Despite the fact that this was my first exposure to Singapore and, on the larger scale, Asia, I didn’t do any homework before my arrival. After a good night’s sleep and free breakfast at the hostel’s café, I sought some help at the front desk to plan my next couple of days.
I got some great advice and headed out to the Little India, Bugis and Kampong Glam districts. There are three main ethnic groups in Singapore – Chinese, Indian and Malay. Many other people come to Singapore for work as it appears to be the most prosperous nation in southeast Asia. There are certainly a lot of new buildings under construction, and the city is already full of skyscrapers.
Like many countries where different ethnic groups coexist, people tend to stick together to help perpetuate their culture and language. Singapore is no different. Little India is obviously where you can find many Indian restaurants, shops and Hindi temples. Bugis and Kampong Glam are Malay areas that are influenced a lot by the Malay culture and Islamic religion. However, because Singapore is so small, these areas end up right next to each other. Some may even overlap. In fact, there is a Hindi temple and a Buddhist temple right next to each other. Worshipers visited both temples and offered prayers at each place because the teachings of Buddha are so similar in each religion.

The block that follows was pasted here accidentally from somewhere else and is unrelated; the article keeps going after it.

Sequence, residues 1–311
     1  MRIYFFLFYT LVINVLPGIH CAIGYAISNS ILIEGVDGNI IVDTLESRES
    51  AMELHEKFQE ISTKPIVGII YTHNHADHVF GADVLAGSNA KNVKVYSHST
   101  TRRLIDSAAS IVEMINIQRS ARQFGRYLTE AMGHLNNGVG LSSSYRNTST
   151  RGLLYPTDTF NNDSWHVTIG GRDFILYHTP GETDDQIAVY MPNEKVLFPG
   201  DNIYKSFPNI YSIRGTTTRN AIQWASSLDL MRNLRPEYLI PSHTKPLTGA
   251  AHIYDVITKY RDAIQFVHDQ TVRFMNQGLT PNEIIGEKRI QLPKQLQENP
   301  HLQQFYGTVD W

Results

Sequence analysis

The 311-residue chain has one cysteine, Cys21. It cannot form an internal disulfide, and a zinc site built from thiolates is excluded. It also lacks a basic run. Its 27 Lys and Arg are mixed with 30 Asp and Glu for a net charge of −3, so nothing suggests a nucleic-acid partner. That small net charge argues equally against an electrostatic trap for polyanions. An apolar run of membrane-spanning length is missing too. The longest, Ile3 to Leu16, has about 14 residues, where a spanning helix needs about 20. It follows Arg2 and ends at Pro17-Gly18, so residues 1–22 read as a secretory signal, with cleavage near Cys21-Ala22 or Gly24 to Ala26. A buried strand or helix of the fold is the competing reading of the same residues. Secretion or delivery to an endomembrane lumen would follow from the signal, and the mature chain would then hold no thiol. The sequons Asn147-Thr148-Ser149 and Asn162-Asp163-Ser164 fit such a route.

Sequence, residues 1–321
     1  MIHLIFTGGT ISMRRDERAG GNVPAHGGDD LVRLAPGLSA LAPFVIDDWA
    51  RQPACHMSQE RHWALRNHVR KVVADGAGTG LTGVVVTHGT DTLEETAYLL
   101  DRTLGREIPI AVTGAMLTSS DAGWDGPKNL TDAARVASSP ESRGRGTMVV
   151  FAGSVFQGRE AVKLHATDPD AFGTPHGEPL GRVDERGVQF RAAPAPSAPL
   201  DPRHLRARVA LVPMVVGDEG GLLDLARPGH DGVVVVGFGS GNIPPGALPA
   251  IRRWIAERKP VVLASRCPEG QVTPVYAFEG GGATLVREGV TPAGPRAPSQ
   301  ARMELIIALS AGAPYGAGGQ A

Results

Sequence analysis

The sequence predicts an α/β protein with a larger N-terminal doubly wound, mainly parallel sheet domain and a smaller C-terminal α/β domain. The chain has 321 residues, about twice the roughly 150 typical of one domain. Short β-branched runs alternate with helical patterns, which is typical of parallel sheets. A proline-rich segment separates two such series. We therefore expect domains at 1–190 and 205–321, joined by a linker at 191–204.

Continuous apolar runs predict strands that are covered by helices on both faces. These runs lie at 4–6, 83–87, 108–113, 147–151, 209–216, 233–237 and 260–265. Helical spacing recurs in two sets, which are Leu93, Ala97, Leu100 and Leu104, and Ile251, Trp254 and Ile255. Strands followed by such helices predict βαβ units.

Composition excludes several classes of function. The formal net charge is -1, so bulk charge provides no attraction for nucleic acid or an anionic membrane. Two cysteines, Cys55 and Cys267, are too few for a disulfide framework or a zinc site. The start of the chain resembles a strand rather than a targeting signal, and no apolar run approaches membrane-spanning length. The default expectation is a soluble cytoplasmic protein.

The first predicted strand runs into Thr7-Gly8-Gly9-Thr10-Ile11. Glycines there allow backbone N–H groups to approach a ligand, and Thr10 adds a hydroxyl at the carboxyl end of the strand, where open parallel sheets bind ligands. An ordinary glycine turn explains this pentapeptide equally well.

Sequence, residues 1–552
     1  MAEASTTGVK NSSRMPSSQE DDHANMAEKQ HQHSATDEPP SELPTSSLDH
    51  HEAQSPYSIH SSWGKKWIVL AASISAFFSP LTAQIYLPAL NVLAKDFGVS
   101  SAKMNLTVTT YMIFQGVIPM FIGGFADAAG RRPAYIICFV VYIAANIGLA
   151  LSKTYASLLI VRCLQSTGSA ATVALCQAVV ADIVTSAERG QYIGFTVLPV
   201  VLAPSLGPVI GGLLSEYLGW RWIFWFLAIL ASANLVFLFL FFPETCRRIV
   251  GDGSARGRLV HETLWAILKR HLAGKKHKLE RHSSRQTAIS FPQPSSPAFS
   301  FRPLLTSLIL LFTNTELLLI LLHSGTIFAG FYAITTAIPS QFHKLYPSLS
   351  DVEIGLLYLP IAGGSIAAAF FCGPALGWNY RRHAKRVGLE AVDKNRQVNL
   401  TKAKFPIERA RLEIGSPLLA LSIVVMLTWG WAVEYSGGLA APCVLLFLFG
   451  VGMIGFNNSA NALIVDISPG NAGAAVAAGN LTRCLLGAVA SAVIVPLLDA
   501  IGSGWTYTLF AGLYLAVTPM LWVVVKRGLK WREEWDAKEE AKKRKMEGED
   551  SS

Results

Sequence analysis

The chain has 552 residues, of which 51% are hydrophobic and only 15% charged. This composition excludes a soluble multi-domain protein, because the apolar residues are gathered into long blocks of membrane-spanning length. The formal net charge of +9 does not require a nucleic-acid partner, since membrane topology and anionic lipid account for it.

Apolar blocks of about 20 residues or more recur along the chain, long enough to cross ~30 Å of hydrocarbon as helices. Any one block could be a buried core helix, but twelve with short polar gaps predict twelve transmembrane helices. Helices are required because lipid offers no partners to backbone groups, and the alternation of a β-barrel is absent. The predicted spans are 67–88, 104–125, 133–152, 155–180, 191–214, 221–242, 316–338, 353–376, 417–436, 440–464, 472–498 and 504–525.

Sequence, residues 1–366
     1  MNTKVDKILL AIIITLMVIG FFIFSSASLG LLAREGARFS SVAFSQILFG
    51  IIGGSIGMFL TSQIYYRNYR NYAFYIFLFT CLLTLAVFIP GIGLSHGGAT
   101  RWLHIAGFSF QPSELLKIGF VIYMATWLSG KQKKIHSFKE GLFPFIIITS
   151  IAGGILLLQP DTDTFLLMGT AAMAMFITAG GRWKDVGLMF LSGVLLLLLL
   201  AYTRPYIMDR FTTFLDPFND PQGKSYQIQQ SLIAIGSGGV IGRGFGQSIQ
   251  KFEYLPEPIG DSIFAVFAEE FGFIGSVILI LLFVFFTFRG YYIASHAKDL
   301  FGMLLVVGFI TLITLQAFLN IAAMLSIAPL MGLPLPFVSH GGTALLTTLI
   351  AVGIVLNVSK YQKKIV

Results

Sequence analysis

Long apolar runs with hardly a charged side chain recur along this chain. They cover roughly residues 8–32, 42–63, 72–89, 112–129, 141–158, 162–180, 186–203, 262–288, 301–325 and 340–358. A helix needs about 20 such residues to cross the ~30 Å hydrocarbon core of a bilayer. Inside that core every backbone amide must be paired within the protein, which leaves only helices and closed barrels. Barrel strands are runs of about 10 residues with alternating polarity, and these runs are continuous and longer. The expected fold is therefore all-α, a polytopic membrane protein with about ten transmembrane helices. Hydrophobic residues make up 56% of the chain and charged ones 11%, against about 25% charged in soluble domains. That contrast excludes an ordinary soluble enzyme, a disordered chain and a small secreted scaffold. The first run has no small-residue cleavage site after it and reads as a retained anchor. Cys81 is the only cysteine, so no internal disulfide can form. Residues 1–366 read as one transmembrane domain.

I spent most of the day wandering through small lanes and poking my head into shops. I found that many people mistook me for a local Chinese and addressed me in what is probably Mandarin. Also, strangely enough, even though everyone thinks that Singapore is ultra-clean (people keep mentioning to me the harsh punishments for law breakers), I found that the streets are pretty filthy. Even Auckland’s extremely busy Queen Street or K-Road is cleaner.
Initially, I thought that exploring Singapore alone would be a challenge because I was a bit anxious about catching the bus to and from my hostel. But, in the end, I really excelled at it and liked the freedom that traveling alone offered me. My map-reading skills have improved and I was able to navigate the streets just fine. I experienced a small culture shock just by being in the CBD and maneuvering through the traffic. I guess I had become complacent in New Zealand and had gotten used to all the land and lack of cars. In Singapore, cars, smog and noise pollute the air. All in all though, I liked my new country and couldn’t wait to see more of it.